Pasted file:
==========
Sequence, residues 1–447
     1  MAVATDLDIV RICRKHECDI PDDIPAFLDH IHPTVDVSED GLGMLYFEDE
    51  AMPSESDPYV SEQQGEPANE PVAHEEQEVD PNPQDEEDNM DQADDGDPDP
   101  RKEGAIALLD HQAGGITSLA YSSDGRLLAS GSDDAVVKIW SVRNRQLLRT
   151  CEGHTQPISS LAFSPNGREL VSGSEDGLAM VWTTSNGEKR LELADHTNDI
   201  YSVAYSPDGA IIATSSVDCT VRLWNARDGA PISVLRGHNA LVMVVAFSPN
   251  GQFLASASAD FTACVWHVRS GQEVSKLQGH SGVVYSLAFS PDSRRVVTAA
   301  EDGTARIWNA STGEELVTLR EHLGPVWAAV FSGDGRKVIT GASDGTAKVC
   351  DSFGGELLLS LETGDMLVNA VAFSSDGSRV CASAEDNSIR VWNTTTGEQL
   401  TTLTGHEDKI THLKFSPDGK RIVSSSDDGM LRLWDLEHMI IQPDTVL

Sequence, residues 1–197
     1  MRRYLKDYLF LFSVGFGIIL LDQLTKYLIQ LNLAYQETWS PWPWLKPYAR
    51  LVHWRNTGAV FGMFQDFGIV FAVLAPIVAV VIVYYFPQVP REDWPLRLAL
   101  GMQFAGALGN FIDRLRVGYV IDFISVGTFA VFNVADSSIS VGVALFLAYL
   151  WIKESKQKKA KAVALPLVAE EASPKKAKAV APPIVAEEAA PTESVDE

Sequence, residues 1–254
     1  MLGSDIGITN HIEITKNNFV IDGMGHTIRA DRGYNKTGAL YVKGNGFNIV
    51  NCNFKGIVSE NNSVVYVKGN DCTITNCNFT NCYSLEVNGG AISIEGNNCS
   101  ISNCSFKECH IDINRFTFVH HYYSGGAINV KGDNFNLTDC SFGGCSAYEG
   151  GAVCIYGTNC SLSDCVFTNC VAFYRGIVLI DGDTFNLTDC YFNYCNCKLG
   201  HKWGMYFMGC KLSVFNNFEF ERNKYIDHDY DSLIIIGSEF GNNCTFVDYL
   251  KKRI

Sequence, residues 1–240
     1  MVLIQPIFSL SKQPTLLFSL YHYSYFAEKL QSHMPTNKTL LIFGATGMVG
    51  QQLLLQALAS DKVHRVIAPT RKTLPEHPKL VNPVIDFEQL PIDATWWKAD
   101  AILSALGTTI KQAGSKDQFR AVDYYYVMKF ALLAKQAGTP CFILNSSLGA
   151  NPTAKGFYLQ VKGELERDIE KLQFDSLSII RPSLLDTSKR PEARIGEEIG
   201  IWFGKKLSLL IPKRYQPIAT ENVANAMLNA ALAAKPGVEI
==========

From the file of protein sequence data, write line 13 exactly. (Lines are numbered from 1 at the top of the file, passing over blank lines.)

    51  LVHWRNTGAV FGMFQDFGIV FAVLAPIVAV VIVYYFPQVP REDWPLRLAL